April 1, 2018 § 2 Comments
August 28, 2017 § 3 Comments
The early ’90s are back—and so are sarouel, or harem pants. Here’s a look at vintage patterns for this distinctive trouser style.
Like caftans, sarouel originated in ancient Persia. Persian sirwāl became Turkish şalvar, entering the Western fashion vocabulary via Ottoman culture and the early modern vogue for turquerie.
Şalvar were introduced to Western women’s clothing in the 19th century as part of the Rational Dress movement: Amelia Bloomer conceived her eponymous trousers as “Turkish pants.” (On cycling bloomers see Jonathan Walford, The 1890s Bicycle Bloomer Brouhaha.) Couturier Paul Poiret is usually credited with making “harem” pants fashionable in the period before World War 1.
In the mid-’60s, harem pants enjoyed renewed popularity as glam loungewear. (I Dream of Jeannie started airing in September, 1965.) This Vogue pyjama with matching, dolman-sleeved overblouse has a cuffed trouser option:
Pucci’s interest in harem pants predates the jewelled version at the top of this post: a short, blue harem ensemble was part of his 1965 Braniff flight attendant uniform. These high-waisted palazzo pyjamas also have a cuffed, harem option, as worn by Editha Dussler:
Anne de Zogheb modelled these Pucci harem pyjamas, which feature an intriguing self-lined skirt with side openings:
Bouffant knickers are a variation on the harem pant. This gold brocade, coat-and-knickers ensemble from Yves Saint Laurent’s Winter 1970 haute couture collection evokes the hippie trail. The model is Viviane Fauny:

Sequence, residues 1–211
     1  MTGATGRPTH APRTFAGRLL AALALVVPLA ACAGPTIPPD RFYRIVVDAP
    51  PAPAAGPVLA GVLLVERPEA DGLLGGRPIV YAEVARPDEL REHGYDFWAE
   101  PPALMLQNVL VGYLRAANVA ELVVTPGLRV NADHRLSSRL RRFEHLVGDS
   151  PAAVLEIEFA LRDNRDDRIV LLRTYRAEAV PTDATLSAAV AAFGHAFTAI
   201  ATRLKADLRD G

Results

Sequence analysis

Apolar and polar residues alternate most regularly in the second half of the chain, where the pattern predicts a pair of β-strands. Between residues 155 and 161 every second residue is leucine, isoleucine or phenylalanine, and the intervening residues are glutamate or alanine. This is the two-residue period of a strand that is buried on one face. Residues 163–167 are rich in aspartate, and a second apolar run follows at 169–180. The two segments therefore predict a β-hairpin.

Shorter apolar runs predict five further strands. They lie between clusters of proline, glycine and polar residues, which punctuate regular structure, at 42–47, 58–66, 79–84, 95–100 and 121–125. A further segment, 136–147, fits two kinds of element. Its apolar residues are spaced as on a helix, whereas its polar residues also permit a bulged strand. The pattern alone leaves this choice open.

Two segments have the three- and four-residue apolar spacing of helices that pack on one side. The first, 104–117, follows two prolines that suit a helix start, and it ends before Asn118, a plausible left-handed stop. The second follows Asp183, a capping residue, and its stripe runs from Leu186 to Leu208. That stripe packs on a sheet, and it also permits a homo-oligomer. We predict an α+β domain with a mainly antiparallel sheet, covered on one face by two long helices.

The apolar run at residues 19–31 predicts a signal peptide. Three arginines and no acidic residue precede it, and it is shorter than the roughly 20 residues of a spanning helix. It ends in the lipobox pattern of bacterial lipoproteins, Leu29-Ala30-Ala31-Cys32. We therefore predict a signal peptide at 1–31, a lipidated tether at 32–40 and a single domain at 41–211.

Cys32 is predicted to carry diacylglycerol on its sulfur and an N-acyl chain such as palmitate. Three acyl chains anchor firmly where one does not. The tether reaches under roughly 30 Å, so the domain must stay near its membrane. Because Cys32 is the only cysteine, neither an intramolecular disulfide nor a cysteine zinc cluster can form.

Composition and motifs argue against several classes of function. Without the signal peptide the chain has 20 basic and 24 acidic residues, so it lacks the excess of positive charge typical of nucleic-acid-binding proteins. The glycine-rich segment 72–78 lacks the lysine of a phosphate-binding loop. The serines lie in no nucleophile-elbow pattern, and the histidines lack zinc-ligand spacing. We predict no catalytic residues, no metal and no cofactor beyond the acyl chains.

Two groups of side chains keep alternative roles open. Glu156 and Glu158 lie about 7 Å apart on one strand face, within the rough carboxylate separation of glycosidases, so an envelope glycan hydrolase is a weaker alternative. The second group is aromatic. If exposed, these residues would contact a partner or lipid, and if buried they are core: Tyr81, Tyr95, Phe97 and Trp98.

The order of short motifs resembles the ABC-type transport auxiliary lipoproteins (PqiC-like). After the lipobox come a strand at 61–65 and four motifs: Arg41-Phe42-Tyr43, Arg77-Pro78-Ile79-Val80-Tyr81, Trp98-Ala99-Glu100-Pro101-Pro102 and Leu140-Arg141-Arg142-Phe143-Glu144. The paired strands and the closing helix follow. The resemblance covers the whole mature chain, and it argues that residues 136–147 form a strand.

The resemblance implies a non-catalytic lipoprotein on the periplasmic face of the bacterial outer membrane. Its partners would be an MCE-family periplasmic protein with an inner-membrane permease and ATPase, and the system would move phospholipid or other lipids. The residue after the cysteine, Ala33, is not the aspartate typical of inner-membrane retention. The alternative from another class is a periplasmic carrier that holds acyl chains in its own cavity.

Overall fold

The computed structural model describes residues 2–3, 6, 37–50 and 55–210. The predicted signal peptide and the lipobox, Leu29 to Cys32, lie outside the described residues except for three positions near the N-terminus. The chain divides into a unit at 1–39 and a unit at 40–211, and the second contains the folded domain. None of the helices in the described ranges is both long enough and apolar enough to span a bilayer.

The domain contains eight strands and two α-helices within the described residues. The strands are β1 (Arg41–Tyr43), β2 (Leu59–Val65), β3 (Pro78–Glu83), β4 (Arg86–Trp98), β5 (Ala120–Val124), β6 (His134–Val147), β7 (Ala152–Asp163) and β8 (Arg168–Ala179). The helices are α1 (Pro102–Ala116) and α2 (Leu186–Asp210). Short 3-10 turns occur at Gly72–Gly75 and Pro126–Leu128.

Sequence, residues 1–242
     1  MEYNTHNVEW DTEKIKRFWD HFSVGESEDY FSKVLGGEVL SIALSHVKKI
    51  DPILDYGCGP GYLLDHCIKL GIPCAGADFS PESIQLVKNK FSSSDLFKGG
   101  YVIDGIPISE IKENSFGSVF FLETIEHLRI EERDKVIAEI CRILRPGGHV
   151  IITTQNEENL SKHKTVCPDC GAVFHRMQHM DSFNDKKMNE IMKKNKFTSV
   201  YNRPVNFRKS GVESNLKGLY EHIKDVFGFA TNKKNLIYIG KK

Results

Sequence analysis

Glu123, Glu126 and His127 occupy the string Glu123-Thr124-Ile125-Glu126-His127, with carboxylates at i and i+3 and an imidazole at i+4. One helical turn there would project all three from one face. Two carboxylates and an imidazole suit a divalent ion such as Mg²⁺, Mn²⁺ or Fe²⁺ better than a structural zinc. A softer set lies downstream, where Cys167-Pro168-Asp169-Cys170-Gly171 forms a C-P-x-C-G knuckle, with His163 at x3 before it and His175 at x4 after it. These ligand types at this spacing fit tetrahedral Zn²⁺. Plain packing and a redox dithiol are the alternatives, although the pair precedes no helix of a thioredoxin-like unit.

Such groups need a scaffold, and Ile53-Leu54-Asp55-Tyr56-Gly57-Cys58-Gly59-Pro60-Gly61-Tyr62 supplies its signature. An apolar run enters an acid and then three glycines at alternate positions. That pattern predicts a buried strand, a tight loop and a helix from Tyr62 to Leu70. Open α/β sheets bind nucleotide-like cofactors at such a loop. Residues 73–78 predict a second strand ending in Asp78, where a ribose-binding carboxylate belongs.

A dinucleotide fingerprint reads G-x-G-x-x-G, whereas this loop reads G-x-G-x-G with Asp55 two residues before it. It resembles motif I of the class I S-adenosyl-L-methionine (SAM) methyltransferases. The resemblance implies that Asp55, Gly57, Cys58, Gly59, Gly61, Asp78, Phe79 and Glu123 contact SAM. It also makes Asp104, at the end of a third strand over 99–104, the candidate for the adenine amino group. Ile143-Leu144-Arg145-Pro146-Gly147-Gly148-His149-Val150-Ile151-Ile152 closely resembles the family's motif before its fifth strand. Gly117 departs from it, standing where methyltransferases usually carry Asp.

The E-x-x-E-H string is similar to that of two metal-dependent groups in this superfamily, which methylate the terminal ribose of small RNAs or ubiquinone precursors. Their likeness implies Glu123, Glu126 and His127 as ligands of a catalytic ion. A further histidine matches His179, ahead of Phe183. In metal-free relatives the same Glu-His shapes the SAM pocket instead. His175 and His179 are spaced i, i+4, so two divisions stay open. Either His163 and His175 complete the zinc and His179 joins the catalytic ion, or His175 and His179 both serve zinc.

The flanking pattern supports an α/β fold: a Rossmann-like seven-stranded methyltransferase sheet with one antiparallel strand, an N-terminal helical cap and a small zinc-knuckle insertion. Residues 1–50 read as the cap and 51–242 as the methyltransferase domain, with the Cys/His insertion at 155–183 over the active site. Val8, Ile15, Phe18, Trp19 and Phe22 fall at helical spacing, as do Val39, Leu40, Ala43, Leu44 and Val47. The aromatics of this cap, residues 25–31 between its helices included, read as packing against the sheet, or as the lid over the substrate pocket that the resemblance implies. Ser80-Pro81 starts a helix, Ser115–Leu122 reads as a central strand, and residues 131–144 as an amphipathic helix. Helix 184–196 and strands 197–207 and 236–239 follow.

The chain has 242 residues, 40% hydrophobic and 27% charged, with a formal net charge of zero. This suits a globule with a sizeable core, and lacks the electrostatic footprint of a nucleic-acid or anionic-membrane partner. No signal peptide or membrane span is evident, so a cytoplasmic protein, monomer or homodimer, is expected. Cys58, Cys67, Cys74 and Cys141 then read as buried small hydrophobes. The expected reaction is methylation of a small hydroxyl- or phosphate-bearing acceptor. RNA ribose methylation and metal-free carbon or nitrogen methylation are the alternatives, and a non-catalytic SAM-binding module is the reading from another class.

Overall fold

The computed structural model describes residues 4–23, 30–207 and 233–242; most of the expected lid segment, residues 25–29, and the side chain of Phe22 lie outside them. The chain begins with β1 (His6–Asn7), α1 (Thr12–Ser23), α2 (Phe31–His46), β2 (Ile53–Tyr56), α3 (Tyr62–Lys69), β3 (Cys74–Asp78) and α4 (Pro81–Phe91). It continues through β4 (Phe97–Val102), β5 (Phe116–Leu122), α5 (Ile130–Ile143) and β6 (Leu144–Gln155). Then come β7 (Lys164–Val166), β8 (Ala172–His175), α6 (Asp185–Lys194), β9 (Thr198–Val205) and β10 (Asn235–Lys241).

From 1976, this Kenzo pattern includes a cuffed harem pant option. (A copy is available in the shop.)
Hot pink harem pants catch the eye on this Very Easy Vogue pattern, which also includes palazzo pants and a maxi skirt:
This gold satin pair, from Krizia, has no side seams:
In the early ’80s, the dropped-crotch, Zouave style of harem pant came to the fore. This Simplicity pattern includes Zouave pants in two lengths:
The trousers in this Versace ensemble evoke the harem silhouette, with draped volume tapering to a fitted ankle (see my Versace post for more photos):
Very Easy Very Vogue got on the dropped crotch bandwagon with three styles of Zouave pants—view C with side drape:
By the early ’90s, hip-hop musician MC Hammer had made so great an impact on popular culture that his characteristic trousers were known as “hammer pants.” Simplicity’s official MC Hammer unisex pants pattern came with not one but two iron-on transfers. (See envelope back here. There was even a doll clothes pattern for the MC Hammer action figure.) Drop-crotch pants could also be found as Butterick Classics and a unisex costume pattern.
Issey Miyake designed these lowest of the low dropped-crotch pants, as worn by Phina Oruche: